The Facebook ads ran from January 11 to June 10, 2016. According to data provided by the Facebook self-service ad management application, the ads were shown a total of 2,455,893 times to 848,598 Facebook users over the 33-weeks campaign for a mean of 2.89 impressions per unique user. The ads received 7,828 clicks by 6,490 unique users for a total click-through rate of 0.32% at a mean cost of $0.08 per click. The success of the ads is measured by clicks and click-through rate which varied substantially depending on the ad image. The total cost of the Facebook ads was $578.44. The participants mean age is 25-29 years. Only participants who reached the end of the survey were considered for analysis and the demographic characteristic is summarized in Table 1. All participants reported their State and County of residence. The sample considered is (N= $259$) internet completed survey respondents which are demographic diverse -albeit no representative- sample of the Mexican adult population.

 

The estimation of personal choice scenarios show that personal growth and happiness measures- “Your ability to dream and pursued your dreams”, ‘Your ability to be yourself and express yourself”, “Your having a role to play in society”, “Your success at accomplish your goals”,” You are having more options and possibilities in your life and the freedom to choose among them”, “Your ability to fully experience the entire range of healthy human emotions”, ” Your feeling that you have enough time and money for the things that are most important for you”, ” -are the highest ranking aspects more than the affective and evaluative SWB ones- ” how much time you feel happy”[70] or “how happy you feel”[83] and positive affect measures “How often you smile of laugh”[38]. The main results are reported in Table 2 in appendix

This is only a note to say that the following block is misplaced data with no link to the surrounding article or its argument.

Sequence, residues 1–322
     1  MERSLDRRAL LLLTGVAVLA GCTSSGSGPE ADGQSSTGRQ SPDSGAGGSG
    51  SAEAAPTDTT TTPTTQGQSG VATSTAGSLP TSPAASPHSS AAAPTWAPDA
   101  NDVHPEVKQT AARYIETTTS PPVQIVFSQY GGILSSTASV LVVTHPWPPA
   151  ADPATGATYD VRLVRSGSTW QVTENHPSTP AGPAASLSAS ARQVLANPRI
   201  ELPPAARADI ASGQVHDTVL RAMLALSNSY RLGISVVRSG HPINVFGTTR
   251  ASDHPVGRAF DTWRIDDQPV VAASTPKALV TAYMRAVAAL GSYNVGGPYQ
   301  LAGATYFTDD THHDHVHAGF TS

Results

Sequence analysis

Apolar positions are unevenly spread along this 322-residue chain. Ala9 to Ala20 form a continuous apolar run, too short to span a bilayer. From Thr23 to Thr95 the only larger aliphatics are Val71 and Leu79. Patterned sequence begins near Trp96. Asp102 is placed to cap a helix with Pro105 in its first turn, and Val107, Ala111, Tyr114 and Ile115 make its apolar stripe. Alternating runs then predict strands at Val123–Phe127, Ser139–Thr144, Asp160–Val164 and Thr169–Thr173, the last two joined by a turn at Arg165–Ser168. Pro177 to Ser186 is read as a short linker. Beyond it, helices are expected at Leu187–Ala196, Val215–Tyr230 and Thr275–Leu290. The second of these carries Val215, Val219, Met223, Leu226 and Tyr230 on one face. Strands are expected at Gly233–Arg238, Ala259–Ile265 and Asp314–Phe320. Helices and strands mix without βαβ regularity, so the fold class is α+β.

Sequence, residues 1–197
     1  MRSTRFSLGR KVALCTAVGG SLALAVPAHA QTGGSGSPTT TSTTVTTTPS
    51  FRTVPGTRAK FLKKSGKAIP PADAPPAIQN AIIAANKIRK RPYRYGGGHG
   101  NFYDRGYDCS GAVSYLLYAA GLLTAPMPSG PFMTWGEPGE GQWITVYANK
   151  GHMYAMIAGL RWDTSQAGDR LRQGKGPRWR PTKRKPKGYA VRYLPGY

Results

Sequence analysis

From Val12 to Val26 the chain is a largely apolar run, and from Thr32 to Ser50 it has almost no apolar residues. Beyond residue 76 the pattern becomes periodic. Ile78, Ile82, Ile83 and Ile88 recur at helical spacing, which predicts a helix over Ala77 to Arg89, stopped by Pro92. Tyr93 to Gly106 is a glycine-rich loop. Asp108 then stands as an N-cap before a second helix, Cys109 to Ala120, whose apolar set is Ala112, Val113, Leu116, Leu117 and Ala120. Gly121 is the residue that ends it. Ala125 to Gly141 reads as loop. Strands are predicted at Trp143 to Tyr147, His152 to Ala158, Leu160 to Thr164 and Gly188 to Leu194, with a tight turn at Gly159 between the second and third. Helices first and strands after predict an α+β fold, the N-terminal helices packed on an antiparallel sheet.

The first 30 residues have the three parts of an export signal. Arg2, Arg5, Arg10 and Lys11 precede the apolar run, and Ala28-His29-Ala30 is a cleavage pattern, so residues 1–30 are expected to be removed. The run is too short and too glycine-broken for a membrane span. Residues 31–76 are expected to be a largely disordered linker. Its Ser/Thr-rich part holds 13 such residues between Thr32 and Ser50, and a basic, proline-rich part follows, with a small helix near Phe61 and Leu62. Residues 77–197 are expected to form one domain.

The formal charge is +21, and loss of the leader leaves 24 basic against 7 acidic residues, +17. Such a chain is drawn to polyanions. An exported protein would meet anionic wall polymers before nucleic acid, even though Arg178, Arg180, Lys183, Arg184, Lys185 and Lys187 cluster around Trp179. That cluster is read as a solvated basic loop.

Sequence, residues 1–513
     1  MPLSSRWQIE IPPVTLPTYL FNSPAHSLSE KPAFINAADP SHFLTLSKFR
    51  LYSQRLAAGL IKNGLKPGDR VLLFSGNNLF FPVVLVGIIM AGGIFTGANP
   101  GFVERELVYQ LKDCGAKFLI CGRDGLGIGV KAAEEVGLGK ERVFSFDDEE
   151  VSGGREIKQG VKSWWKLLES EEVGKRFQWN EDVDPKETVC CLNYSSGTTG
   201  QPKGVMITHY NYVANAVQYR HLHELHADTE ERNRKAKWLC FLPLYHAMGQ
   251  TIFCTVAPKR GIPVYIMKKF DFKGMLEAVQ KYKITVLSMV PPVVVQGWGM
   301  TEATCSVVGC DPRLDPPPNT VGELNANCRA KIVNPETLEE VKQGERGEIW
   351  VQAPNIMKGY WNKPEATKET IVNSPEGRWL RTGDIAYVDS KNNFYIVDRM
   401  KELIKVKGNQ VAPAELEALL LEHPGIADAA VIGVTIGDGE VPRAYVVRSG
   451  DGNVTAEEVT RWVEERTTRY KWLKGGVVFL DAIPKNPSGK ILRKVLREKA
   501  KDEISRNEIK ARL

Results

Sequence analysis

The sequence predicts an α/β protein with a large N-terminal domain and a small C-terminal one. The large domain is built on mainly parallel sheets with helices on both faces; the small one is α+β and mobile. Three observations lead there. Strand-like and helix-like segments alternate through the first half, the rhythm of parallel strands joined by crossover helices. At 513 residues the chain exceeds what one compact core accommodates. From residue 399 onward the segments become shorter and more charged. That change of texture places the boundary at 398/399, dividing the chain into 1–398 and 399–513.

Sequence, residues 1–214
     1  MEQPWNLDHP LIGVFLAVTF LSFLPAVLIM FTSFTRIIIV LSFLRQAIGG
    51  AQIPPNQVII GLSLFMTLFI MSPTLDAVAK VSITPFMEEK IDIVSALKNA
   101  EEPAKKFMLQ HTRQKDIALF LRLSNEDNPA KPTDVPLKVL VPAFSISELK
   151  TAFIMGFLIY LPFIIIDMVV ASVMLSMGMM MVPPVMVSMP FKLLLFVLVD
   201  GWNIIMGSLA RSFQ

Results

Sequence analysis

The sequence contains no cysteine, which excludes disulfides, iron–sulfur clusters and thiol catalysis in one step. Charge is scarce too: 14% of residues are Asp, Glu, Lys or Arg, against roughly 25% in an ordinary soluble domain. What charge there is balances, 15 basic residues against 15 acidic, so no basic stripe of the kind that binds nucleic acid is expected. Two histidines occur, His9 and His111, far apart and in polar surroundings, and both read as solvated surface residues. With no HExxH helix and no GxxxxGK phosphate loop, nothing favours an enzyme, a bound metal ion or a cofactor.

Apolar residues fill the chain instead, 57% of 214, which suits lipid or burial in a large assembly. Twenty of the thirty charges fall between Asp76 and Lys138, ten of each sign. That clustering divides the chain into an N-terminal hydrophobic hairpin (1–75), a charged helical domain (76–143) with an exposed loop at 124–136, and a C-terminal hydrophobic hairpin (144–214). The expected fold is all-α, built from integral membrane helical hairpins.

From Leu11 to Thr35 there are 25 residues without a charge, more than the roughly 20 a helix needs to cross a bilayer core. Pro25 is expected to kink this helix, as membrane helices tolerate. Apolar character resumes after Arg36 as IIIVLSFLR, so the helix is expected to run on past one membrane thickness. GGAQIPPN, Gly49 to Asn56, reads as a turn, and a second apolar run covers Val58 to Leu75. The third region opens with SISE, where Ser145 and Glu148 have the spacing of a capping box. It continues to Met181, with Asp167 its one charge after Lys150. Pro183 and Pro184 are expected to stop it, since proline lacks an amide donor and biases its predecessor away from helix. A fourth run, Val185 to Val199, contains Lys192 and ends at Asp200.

~

textit{Risk, Safety emotions and health}: consist of seven own introspection measures and three aspect classes. Two own measures related with Drug War Violence-” Your neighborhood is safe (no thieves, extortion, smuggling, kidnapping or murders)”[9], and “Your home is free of addictions”[11] are following by ‘Your health”[19] and ‘Your physical safety”[27] -which aspects lies on the top of the table with measures 0.231-0.220 and 0.188-0.165.”Your mental health and emotional stability” lies below this rank [87].

 

textit{Negative emotions}: Benjamin et al (2014), Deaton et al (2011) suggest capturing measures negative emotions. The survey captured ten measures which have the following rank; sleep[18], stress[20], anger[31], feeling full of energy [41], anxious[52], frustration[75] and sad [97].

~

textit{Social Media and Eudaimonic SWB} By using social media (Facebook, Twitter) we observed people reactions towards different events of corruption and violence in Mexico which suggest using measures to capture people involved in the community. The aspects “Your sense that are making a difference, actively contributing to the well-being of others”[25] and “Your sense of community, belonging and connection with other people”[67] lied on first and middle on Table.